In 1906, the ITA was absorbed by the Ministry of Posts and Communications, which had itself just been recently created by the Qing government. Control of the administration alternated between Qing-era tycoon, and ex-Minister for Transportation Sheng Xuanhuai and his rival (and future Premier of the Republic of China afer the end of the Qing rule) Tang Shaoyi.
The First Chinese Telephone Network
In 1900, the first Chinese telephone network was established by ITA in the city of Nanjing. Sheng Xuanhuai had pressed the government hard to establish a phone network and eventually, his persistence paid off.
By 1910, there were 7,000 phone subscribers in Qing-controlled areas of China and a similar number in the parts of China controlled by the foreign powers.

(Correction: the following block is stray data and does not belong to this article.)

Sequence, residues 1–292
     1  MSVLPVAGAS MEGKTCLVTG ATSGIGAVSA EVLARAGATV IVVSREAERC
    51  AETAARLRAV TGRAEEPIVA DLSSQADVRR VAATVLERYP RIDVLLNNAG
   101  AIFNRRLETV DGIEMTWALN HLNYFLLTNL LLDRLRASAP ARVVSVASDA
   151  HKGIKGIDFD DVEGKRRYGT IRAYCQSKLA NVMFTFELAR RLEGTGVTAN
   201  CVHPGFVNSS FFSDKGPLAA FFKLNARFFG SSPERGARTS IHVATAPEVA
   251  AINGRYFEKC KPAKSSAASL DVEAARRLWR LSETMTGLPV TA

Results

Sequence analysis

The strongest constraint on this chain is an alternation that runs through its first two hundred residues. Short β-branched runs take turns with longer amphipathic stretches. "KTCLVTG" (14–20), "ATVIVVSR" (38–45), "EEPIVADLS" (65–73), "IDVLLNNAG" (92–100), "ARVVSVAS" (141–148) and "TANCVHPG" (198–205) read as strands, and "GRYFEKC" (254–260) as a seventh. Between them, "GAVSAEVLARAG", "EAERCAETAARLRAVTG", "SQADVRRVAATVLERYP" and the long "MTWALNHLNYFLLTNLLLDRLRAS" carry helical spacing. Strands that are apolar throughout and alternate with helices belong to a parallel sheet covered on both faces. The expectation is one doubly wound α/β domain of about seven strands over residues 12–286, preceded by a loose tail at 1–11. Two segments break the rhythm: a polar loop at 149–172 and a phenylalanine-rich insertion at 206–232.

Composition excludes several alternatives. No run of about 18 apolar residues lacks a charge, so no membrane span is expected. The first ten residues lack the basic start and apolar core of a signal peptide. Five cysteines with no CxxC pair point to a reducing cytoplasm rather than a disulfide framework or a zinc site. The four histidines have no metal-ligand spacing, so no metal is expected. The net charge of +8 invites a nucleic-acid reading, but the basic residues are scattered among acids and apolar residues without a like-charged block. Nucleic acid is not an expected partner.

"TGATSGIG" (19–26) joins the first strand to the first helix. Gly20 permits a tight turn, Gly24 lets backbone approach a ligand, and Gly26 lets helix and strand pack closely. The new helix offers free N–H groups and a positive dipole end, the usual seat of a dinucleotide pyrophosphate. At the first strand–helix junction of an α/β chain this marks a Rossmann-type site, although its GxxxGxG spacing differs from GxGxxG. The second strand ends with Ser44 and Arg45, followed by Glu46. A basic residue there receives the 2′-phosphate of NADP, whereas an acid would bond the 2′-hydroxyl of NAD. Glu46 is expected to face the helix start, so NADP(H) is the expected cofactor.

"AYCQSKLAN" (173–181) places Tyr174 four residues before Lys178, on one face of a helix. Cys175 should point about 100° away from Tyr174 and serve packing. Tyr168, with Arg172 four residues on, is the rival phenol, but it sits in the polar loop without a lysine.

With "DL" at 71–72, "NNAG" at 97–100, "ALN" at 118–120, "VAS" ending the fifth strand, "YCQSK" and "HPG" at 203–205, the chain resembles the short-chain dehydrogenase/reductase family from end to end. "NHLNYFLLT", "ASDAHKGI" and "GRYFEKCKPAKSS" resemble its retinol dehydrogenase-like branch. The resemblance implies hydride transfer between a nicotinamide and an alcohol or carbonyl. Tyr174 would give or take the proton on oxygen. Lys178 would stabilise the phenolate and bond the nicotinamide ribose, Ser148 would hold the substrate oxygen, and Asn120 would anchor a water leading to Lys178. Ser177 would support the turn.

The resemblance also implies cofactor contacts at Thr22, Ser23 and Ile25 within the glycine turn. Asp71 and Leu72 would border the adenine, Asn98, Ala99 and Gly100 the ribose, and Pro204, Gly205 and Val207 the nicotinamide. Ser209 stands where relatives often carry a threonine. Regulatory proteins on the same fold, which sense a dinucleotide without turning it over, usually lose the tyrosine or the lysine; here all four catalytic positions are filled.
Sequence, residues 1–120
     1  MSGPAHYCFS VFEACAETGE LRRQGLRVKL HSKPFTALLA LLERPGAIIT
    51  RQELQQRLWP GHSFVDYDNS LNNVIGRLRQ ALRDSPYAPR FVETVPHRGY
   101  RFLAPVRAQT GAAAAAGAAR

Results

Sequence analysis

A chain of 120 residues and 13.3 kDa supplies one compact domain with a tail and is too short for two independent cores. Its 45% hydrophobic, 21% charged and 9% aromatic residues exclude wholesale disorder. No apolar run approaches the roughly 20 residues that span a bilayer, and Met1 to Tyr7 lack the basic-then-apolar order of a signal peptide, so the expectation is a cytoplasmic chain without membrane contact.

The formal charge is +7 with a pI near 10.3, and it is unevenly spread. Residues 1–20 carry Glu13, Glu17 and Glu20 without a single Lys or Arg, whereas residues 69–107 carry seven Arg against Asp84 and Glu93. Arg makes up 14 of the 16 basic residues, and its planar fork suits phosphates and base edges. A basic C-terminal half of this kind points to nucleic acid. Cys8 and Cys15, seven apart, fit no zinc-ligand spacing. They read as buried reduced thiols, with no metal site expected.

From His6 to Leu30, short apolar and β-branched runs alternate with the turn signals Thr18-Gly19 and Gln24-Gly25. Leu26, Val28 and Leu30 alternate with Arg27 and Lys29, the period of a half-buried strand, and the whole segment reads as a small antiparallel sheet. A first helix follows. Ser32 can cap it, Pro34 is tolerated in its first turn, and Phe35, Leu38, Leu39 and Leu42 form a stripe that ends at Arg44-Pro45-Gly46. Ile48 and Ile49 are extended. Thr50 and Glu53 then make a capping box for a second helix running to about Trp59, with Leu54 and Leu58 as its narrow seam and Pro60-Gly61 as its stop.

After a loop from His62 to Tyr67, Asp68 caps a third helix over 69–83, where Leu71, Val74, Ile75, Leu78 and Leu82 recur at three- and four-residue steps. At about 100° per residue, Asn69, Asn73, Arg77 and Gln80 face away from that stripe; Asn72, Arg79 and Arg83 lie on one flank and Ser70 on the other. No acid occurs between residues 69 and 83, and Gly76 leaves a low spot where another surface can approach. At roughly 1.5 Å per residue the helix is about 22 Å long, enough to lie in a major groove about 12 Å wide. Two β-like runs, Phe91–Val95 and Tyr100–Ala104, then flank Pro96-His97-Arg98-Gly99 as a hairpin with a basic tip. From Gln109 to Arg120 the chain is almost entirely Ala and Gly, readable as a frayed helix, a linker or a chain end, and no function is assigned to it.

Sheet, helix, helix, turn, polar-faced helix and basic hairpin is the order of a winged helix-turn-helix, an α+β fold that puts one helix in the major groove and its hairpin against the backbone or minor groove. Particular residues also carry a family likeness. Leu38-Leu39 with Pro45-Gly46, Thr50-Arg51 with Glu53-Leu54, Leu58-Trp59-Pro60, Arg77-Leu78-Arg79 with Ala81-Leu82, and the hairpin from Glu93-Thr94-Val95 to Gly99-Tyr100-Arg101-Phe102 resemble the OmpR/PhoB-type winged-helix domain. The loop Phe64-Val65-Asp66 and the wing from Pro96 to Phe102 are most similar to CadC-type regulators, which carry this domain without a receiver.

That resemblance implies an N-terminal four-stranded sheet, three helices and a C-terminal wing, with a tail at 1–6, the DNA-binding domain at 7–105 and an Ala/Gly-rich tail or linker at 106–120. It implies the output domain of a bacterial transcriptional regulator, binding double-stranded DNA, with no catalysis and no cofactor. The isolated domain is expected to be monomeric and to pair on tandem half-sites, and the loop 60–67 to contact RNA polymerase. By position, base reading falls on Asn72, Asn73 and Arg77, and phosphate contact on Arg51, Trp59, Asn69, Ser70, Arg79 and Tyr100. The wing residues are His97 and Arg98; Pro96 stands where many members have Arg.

China’s Descent Into Chaos and Upheaval
In 1911, China descended into revolution, civil war, and warlordism and this has a huge impact on the telecommunications networks nationwide. More to come on this subject in part 2.
- https://en.wikipedia.org/wiki/Imperial_Chinese_Telegraph_Administration (Wikipedia entry)
Harwit, Eric. China’s Telecommunications Revolution. Oxford: 2008, pgs. 18-28.
*Please note that I wrote portions of this blog post in 2014. Since then, some of the original websites and articles I used for reference – namely on the Fujian Arsenal school – have either disappeared without a trace or have started charging for access. At this time I’m trying to find alternate reference materials, but none in the English language are immediately forthcoming.